Published: Tue, March 13, 2018
People | By Neil Grant

Colombians pick candidates in two primaries for May presidential election


The Marxist group, now transformed into a political party called the Revolutionary Alternative Common Force, failed to take a single seat in congressional elections as it polled less than one per cent on a day where the big victor was a hard-right critic of the peace accords. Final official results are expected later on Monday.

The former Revolutionary Armed Forces of Colombia (FARC) are now the Revolutionary Alternative Common Force, a leftist political party that has candidates running for congressional seats.

Santos has made no secret of his dream of "complete peace" in Colombia, having signed a peace deal in November 2016 with its biggest rebel group, the FARC.

Santos, who cast his vote near the presidential headquarters in Bogota just past 8 a.m., also celebrated the FARC's participation in the electoral process.

Colombians also voted for candidates from the right-wing and leftist coalitions to represent them in May's presidential election.

"It's the first time in my life that I've voted and I do it for peace", said Pablo Catatumbo, a former FARC commander who is assured a senate seat.

Opinion polls gave the FARC little chance of adding to its 10 free seats, following a disastrous campaign during which its rebels-turned-politicians were largely drowned out by a tide of public revulsion over crimes committed during the conflict.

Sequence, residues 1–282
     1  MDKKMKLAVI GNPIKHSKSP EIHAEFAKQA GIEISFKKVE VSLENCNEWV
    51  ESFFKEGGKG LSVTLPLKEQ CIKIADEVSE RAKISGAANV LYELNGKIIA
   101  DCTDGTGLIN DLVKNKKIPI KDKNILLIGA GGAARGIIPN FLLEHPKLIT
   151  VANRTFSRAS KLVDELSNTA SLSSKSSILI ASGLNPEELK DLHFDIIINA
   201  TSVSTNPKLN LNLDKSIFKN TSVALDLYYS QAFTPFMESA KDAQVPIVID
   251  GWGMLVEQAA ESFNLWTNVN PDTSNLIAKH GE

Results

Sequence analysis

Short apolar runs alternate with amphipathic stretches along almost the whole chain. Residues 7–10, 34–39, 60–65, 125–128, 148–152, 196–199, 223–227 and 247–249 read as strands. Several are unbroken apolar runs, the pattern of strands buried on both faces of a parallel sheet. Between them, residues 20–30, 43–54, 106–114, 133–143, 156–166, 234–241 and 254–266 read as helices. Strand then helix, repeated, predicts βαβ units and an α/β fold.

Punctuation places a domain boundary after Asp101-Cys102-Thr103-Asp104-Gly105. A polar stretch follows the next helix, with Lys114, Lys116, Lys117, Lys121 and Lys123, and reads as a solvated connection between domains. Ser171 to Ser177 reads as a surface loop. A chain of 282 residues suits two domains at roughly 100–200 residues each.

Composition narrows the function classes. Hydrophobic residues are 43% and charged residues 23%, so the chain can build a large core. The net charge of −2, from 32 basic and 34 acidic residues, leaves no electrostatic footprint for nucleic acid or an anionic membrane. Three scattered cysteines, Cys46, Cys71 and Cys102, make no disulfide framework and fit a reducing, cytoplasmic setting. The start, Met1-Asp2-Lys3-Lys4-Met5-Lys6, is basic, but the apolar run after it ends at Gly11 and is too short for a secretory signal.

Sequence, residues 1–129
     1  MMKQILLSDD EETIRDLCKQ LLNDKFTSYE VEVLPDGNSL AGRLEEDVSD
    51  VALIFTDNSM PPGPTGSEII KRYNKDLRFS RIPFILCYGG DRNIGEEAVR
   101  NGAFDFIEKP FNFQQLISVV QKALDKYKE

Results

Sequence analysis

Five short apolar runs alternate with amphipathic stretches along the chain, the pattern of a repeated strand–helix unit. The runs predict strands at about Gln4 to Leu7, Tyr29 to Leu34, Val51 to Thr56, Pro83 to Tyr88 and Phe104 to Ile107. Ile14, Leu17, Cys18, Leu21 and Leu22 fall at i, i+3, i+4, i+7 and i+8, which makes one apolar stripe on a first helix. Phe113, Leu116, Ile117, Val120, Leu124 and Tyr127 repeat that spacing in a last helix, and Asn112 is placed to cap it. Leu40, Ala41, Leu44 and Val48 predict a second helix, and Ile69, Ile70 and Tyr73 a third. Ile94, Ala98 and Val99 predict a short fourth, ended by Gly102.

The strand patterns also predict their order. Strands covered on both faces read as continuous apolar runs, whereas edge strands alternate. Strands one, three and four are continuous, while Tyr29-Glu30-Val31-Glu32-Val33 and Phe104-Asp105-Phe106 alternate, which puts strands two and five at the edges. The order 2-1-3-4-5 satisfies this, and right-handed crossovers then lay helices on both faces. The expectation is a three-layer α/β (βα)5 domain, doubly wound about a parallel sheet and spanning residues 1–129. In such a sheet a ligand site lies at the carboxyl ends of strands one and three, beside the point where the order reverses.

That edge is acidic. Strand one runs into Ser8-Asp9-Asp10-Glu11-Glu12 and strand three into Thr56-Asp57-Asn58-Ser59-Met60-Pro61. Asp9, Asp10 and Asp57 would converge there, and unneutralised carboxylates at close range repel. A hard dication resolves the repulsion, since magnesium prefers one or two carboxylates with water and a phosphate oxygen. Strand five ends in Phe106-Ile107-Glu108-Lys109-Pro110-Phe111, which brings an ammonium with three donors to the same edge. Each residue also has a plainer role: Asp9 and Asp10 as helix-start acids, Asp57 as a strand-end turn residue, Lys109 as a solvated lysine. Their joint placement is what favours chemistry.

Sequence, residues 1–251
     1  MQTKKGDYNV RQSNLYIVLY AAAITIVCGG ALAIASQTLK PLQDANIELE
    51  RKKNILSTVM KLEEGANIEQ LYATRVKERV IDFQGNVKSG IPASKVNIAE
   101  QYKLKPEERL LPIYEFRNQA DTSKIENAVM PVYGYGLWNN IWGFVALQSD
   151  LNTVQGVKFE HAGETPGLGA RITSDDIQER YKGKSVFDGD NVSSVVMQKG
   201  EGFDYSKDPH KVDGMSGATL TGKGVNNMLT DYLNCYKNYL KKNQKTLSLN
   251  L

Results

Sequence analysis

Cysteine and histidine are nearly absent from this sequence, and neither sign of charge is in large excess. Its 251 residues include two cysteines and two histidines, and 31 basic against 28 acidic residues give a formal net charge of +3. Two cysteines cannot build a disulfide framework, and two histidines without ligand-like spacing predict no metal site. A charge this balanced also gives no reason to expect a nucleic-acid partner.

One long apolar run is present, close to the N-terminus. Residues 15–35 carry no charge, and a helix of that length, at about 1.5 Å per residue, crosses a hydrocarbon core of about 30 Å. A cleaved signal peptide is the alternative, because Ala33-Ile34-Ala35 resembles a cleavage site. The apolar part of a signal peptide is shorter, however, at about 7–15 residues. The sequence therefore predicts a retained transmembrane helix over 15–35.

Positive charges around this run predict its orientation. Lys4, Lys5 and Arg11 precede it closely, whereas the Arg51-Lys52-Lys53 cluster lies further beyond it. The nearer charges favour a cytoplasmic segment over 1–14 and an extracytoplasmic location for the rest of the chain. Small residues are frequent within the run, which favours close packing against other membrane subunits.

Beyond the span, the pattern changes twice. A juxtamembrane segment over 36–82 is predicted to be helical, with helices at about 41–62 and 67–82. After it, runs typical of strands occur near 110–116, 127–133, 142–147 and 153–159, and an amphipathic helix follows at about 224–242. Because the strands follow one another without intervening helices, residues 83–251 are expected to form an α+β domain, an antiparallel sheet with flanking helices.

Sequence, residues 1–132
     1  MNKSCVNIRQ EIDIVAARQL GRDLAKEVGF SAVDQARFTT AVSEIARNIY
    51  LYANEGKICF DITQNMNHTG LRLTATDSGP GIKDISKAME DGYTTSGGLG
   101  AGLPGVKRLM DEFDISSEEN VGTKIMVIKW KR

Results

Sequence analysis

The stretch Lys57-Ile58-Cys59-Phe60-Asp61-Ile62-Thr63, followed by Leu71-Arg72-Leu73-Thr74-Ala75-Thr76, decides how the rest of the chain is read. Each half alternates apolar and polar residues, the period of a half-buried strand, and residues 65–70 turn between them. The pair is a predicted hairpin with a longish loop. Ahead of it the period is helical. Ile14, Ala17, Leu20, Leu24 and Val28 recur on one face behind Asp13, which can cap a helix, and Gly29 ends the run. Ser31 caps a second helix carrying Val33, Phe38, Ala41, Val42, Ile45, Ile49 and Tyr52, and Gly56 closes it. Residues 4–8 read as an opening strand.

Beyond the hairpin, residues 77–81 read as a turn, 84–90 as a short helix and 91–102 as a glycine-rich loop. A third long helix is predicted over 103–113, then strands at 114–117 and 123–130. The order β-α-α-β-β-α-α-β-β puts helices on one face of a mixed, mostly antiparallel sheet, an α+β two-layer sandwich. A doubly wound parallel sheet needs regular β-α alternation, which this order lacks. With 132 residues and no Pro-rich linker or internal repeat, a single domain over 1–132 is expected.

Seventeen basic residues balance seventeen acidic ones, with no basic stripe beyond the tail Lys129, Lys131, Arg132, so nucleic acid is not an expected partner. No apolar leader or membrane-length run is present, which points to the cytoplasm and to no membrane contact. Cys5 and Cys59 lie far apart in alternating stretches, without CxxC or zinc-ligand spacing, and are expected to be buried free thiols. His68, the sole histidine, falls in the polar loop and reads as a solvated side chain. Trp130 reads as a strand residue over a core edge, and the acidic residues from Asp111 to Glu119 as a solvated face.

The group will, however, have candidates in Sunday's congressional election, its first outing as an unarmed political party, after it demobilized under a 2016 peace deal with the government.

Opinion polls predict a triumph for ex-president and senator Alvaro Uribe and his Centro Democratico party, along with other parties opposed to the peace agreement that has polarized the South American country.

"The surgery which took place yesterday, combined with already discussed features of the electoral campaign, has led us to decline our presidential aspirations", FARC senate candidate Ivan Marquez said, reading from a statement.

Parties will likely now look to form alliances before the May 27 election to replace President Juan Manuel Santos.

Sunday's elections were held against the backdrop of economic concern in Colombia, which registered 1.8% growth in 2017, its weakest for almost a decade. Petro has led polls for the presidential vote.

Galindo said he had approved of photocopies being used for polling stations where the cards had run out.

While all candidates advocate clamping down on corruption and investment in education and health, the two top pollers differ in their views on a peace deal with Marxist FARC rebels.

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